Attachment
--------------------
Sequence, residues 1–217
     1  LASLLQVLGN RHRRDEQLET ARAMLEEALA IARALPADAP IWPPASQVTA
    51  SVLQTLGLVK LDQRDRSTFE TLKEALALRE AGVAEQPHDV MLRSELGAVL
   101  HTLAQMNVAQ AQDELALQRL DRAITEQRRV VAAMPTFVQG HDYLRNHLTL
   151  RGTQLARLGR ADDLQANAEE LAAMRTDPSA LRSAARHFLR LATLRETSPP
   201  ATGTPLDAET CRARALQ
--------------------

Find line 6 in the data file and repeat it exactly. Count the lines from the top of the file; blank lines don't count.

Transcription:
   201  ATGTPLDAET CRARALQ